Right Brain Education: The Power of Imaging

There was another video from Mr Hirotada Henmi after the boys’ last class at Heguru. As always, the recording has been translated from Japanese and this is my interpretation of what was explained:

Once you open up the right brain, the next step is to develop its image power. What’s the value of imaging? In right brain education, it is called “imaging” but I think sports individuals are probably more familiar with the term “visualising”. This imaging ability can help in many ways. Here are a couple of examples given by Mr Henmi:

  • When working on a sculpture, some artists need to first draw a picture of the structure they intend to create. When you are able to utilise the right brain’s image function, you don’t need the picture because you can visualise the structure in your mind and work on your sculpture by looking at the picture in your mind.
  • When a runner wants to improve performance, he can use the right brain’s image function to visualise himself running as if from a third person’s perspective (as if he was watching himself run on the TV) so that he can identify areas of improvement.

In other words, the power of imaging allows individuals to work more efficiently and effectively.

To extrapolate from the message shared, I am sure many sports persons are familiar with the benefits of visualisation. One of the most interesting things about the brain is that memory and fantasy are stored similarly. There is little difference between a memory and a fantasy to the brain. Therefore, visualising an event in your mind can be the same as experiencing it as far as the brain is concerned. So if you cannot practice physically, practicing in your mind is as effective if you can create an image as clear and as real as it might have been if you were really there.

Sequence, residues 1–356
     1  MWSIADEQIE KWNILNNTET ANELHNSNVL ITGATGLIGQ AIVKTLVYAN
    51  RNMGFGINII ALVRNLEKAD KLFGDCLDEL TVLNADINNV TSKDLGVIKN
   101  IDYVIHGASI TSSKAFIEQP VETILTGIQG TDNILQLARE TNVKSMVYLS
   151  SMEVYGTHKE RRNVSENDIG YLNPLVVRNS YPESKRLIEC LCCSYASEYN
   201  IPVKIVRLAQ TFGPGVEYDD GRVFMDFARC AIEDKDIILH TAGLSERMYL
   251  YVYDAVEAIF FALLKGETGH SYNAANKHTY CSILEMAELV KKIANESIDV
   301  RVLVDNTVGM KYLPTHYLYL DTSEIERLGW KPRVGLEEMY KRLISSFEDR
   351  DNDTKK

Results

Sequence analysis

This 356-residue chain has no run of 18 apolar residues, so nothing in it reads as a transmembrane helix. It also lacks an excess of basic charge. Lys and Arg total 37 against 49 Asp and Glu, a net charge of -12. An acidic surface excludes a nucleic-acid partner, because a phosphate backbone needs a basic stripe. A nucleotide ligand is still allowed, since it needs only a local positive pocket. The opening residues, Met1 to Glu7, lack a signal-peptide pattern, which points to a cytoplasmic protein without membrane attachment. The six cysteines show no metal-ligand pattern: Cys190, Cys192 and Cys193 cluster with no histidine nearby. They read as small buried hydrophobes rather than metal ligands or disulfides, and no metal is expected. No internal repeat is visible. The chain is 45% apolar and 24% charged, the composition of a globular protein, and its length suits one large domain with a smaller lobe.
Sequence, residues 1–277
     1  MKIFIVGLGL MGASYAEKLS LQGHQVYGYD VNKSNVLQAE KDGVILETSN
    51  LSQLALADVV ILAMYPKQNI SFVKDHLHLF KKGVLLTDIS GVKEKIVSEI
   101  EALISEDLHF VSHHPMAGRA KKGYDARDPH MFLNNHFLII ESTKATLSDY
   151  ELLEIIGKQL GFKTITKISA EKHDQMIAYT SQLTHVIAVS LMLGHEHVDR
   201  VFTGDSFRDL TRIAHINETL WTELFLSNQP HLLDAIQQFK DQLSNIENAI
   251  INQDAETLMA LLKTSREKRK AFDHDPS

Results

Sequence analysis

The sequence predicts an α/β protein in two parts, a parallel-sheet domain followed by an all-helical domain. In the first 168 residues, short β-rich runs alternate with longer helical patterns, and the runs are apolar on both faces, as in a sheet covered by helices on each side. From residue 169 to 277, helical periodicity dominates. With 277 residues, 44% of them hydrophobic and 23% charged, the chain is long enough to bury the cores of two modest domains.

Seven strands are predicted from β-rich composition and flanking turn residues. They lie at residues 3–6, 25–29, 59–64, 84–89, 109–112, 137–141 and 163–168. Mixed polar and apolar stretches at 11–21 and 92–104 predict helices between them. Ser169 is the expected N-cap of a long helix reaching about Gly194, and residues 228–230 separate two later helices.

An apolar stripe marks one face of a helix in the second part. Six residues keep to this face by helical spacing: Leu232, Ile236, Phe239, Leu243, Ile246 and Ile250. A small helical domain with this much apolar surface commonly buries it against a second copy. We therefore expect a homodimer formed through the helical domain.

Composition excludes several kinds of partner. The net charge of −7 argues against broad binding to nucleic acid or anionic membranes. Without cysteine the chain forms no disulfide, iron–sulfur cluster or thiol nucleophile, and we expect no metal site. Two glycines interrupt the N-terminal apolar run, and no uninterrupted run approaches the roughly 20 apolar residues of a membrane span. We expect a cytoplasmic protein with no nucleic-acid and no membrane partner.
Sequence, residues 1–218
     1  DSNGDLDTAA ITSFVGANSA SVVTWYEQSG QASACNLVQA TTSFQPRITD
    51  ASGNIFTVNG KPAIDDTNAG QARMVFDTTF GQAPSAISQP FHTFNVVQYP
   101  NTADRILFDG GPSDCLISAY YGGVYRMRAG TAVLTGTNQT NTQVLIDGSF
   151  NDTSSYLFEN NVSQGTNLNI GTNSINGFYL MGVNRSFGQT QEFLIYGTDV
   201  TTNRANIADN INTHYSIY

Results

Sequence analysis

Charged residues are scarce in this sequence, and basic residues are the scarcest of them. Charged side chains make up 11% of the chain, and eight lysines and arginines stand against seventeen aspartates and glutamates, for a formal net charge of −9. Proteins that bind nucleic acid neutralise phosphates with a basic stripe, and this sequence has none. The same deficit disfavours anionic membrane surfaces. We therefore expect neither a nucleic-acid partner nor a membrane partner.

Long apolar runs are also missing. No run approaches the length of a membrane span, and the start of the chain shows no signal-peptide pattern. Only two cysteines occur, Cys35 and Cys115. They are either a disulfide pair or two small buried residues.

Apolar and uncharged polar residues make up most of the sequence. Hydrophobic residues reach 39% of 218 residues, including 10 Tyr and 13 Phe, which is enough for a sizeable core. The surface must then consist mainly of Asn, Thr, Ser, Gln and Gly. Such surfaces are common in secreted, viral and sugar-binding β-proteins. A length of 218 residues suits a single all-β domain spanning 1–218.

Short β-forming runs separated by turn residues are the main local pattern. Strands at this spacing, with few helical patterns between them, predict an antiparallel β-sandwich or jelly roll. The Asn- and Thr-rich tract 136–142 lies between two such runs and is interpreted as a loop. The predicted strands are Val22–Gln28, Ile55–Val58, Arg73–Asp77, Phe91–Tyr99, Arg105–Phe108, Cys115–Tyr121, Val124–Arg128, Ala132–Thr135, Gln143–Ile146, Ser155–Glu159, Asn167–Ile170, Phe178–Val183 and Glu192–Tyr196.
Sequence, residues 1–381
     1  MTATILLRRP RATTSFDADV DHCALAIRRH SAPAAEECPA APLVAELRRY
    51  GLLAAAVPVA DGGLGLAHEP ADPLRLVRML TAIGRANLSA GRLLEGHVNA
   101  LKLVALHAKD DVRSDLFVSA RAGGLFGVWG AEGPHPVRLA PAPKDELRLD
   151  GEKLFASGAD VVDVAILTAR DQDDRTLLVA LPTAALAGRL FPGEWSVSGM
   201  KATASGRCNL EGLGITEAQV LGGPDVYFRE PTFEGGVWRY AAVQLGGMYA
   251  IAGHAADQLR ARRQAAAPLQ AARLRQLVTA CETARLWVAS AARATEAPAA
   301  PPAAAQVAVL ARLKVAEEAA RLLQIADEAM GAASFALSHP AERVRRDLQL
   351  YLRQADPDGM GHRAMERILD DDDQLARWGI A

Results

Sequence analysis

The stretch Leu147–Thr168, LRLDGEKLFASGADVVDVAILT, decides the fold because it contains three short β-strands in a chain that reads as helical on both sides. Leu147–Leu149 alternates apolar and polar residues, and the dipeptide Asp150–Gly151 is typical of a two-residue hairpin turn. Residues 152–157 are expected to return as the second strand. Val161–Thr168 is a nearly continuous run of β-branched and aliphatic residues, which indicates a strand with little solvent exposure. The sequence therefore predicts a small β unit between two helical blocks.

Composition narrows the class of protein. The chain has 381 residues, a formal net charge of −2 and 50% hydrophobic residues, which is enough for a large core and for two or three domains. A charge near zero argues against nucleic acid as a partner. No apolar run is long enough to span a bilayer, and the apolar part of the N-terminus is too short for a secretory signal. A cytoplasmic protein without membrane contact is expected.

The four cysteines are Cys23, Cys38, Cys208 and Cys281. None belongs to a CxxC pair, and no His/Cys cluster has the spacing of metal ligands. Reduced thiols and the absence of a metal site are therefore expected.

It might sound like I’m talking in circles so here’s an example from The Mind Gym:

Gary Mack writes about a man who was imprisoned in a POW camp for years. To escape from the reality of his imprisonment, he would imagine himself playing golf everyday while in his cell. When he was finally freed, his golf handicap improved even though he hadn’t held a golf club in years. Just by visualising himself playing golf everyday, he managed to improve his game without physically playing the game. That’s the power of imaging.

Published by Shen-Li

SHEN-LI LEE is the author of “Brainchild: Secrets to Unlocking Your Child’s Potential”. She is also the founder of Figur8.net (a website on parenting, education, child development) and RightBrainChild.com (a website on Right Brain Education, cognitive development, and maximising potentials). In her spare time, she blogs on Forty, Fit & Fed, and Back to Basics.

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